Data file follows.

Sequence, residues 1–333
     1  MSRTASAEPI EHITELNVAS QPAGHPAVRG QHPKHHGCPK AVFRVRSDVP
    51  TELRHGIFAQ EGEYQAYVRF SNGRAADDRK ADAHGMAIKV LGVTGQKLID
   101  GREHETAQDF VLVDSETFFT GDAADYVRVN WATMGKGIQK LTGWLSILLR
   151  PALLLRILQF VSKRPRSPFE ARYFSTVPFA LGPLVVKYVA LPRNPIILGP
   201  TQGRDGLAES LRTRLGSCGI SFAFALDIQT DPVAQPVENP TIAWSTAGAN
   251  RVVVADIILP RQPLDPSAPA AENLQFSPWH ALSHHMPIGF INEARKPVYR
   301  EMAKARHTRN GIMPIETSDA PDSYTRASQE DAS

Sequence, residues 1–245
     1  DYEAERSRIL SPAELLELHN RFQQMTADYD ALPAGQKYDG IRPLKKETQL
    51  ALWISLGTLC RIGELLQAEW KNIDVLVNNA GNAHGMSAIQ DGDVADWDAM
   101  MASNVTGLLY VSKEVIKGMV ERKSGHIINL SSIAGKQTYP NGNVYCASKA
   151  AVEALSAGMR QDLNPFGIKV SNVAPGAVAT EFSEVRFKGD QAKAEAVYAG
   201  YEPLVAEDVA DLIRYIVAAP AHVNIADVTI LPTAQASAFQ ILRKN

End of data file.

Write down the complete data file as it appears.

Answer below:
Sequence, residues 1–333
     1  MSRTASAEPI EHITELNVAS QPAGHPAVRG QHPKHHGCPK AVFRVRSDVP
    51  TELRHGIFAQ EGEYQAYVRF SNGRAADDRK ADAHGMAIKV LGVTGQKLID
   101  GREHETAQDF VLVDSETFFT GDAADYVRVN WATMGKGIQK LTGWLSILLR
   151  PALLLRILQF VSKRPRSPFE ARYFSTVPFA LGPLVVKYVA LPRNPIILGP
   201  TQGRDGLAES LRTRLGSCGI SFAFALDIQT DPVAQPVENP TIAWSTAGAN
   251  RVVVADIILP RQPLDPSAPA AENLQFSPWH ALSHHMPIGF INEARKPVYR
   301  EMAKARHTRN GIMPIETSDA PDSYTRASQE DAS

Sequence, residues 1–245
     1  DYEAERSRIL SPAELLELHN RFQQMTADYD ALPAGQKYDG IRPLKKETQL
    51  ALWISLGTLC RIGELLQAEW KNIDVLVNNA GNAHGMSAIQ DGDVADWDAM
   101  MASNVTGLLY VSKEVIKGMV ERKSGHIINL SSIAGKQTYP NGNVYCASKA
   151  AVEALSAGMR QDLNPFGIKV SNVAPGAVAT EFSEVRFKGD QAKAEAVYAG
   201  YEPLVAEDVA DLIRYIVAAP AHVNIADVTI LPTAQASAFQ ILRKN